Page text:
Nature, Art & Community | Coping in Crisis

As the pandemic grinds on, people are flocking outside to boost their spirits, safely engage with one another, and find creative ways to coexist. Recently, we connected with Todd Marcus, Firesoul at Intersection of Change in West Baltimore, MD, to learn what Todd and the staff at Intersection of Change may be up to, as long-time nature proponents for health and wellness. Naturally, we weren’t disappointed. 

Urban farming via the Strength to Love II program — photo credit: intersectionofchange.org

Intersection of Change offers a multifarious approach to helping its community thrive, strengthen and heal from poverty-related issues. It is home to Martha’s Place, a residential recovery program for women overcoming substance abuse and homelessness; Jubilee Arts, aimed to infuse arts into the community; and Strength to Love II, an urban farm that offers employment to returning citizens, workforce development for youth, and addresses food apartheid. 

Todd and his community have long recognized the healing powers of nature. With three thoughtfully-designed green spaces, Sacred Places, embedded into Intersection of Change grounds, countless community members have reconnected with hope, renewal and togetherness via nature. 

With the challenges that arise from the today’s crises, Todd and his team have made fast work to meet the need of their community:

  • Food has been made available bi-weekly to residents in the Sandtown-Winchester community, via the Strength to Love II program — thoughtfully harvested, assembled and delivered.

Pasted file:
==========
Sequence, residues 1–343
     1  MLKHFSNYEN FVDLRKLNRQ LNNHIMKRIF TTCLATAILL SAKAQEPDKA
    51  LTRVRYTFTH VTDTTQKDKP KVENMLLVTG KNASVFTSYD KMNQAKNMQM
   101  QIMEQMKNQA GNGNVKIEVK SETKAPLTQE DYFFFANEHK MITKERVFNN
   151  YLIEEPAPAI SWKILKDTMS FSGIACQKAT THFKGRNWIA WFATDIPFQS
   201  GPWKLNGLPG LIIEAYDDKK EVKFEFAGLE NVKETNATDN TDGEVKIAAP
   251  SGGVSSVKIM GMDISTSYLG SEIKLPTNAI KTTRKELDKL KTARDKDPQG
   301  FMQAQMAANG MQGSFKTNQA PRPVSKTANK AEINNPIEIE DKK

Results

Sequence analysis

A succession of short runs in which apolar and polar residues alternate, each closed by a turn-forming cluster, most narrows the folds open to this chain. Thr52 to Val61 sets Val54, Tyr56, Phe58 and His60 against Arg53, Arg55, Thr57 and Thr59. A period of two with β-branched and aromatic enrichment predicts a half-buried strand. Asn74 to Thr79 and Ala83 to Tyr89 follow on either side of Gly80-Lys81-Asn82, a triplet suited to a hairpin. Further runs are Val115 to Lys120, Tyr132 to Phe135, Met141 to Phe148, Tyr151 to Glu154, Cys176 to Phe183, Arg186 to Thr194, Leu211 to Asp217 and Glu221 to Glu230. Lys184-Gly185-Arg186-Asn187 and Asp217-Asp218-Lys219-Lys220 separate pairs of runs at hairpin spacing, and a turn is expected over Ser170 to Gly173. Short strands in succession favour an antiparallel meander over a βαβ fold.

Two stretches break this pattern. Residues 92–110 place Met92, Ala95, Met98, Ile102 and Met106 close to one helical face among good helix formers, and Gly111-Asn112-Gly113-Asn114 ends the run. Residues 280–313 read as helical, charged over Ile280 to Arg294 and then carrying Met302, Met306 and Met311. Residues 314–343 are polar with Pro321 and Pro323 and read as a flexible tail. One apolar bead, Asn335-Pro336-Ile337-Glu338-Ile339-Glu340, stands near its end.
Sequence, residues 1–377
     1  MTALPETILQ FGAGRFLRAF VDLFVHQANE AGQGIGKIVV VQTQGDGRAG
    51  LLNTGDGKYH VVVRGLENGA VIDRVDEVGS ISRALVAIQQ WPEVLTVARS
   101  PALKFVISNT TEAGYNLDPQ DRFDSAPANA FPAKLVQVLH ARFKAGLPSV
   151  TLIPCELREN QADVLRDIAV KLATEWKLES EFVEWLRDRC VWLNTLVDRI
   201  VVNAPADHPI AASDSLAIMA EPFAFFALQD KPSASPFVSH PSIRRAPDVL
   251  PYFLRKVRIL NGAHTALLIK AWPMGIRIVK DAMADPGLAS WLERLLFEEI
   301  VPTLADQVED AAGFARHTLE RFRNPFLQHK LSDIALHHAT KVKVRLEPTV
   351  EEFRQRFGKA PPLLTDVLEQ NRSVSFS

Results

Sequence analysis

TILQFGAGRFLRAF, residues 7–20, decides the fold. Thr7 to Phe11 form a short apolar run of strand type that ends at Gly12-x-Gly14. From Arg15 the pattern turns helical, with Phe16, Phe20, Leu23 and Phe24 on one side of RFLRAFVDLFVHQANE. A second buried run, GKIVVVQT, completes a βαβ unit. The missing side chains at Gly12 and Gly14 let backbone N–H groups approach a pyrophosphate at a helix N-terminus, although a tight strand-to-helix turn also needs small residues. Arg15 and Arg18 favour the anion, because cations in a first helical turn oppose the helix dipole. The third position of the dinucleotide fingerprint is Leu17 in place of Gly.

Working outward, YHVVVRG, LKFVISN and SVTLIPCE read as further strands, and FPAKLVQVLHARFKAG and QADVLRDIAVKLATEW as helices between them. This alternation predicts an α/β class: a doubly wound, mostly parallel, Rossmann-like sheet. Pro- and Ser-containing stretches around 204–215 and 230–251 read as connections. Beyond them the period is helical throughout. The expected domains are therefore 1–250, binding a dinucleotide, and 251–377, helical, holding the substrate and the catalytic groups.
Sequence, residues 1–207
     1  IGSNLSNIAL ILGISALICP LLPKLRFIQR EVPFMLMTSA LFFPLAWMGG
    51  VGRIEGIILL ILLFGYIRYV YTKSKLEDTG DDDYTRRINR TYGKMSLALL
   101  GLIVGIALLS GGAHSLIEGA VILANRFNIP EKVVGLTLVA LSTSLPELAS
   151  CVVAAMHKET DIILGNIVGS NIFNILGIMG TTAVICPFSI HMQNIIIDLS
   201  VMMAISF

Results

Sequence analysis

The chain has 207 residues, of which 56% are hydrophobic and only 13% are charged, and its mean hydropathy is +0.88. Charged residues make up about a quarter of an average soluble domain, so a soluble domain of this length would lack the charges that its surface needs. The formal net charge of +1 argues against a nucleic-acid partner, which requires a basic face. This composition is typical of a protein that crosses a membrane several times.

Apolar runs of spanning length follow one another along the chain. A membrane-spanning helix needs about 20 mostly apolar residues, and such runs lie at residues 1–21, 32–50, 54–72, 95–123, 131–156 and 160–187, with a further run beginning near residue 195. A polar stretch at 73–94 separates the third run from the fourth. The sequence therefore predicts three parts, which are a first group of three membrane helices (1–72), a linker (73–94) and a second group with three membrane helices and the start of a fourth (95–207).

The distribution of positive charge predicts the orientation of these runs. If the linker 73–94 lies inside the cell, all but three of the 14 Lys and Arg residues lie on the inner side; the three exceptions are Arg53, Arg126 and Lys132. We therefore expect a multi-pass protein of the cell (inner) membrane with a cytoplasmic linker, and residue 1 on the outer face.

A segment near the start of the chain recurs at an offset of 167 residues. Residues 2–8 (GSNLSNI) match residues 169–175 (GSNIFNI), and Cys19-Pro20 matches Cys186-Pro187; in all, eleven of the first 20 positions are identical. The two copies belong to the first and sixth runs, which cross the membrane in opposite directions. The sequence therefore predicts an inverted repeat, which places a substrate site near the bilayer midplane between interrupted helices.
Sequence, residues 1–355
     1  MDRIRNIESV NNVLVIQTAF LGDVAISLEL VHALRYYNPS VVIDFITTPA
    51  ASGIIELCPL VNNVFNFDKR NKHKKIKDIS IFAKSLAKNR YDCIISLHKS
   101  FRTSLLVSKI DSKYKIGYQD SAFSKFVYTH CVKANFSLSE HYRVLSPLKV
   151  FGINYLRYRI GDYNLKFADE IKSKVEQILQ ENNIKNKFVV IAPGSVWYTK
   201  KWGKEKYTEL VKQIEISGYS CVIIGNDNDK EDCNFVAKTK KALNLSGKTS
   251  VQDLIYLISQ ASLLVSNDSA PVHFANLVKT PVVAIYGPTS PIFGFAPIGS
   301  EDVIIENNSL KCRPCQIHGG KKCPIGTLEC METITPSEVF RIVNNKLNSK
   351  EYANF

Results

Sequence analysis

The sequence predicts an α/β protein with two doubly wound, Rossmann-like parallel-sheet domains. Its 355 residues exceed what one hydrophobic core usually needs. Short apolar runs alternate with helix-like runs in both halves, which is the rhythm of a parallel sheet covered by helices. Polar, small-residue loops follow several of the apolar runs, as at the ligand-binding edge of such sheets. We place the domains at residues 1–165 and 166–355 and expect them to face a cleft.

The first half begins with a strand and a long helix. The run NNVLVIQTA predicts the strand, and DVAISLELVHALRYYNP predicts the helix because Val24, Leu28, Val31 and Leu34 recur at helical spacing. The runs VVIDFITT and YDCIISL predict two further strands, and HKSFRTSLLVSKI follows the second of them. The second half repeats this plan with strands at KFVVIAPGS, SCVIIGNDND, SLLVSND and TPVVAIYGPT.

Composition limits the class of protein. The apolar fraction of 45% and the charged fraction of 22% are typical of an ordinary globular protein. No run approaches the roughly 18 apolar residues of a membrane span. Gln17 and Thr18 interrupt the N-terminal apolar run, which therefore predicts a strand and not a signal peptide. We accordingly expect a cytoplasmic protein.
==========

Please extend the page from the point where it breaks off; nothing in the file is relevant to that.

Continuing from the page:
• To celebrate community graduates, they hosted a socially-distant, outdoor graduation ceremony for graduating seniors from their Youth in Business initiative in the Jubilee Arts Garden.
  • Jubilee Arts classes have all been shifted to operate online (called  Arts@Home) to ensure that community members can still utilize classes in visual art, dance, and ceramic classes for people of all ages.  This has included hundreds of art kits sent to participant’s homes.
  • The Art@Work summer mural program still took place amid the pandemic by sending materials home to teen participants who created their individual section of two major community mural projects.
  • McKinley Wallace III, one of lead adult artist teachers for Art@Work (with a beautiful outdoor mural in the 1800 block of Division Street) also was included in a recent, outdoor pop-up exhibit in the Station North Arts District.
  • A pollinator garden has been completed — with the help of Nature Sacred’s Crisis Relief Fund (hey, that’s us!) — with the expert help of Division Street Landscaping, rich with native plants and shrubs. This new feature was installed just below a mural of Gervonta “Tank” Davis, a local boxing hero (who happens to be the reigning lightweight boxing champion of the world)!

As we journey forward this year and into next, we’ll keep our eyes on the creative ideas that spring forth from Firesouls like Todd — and will share the inspiration. 

Want to support this work in communities like this? Donate here. 

Looking to create a Sacred Place? Here’s how to get started!

 

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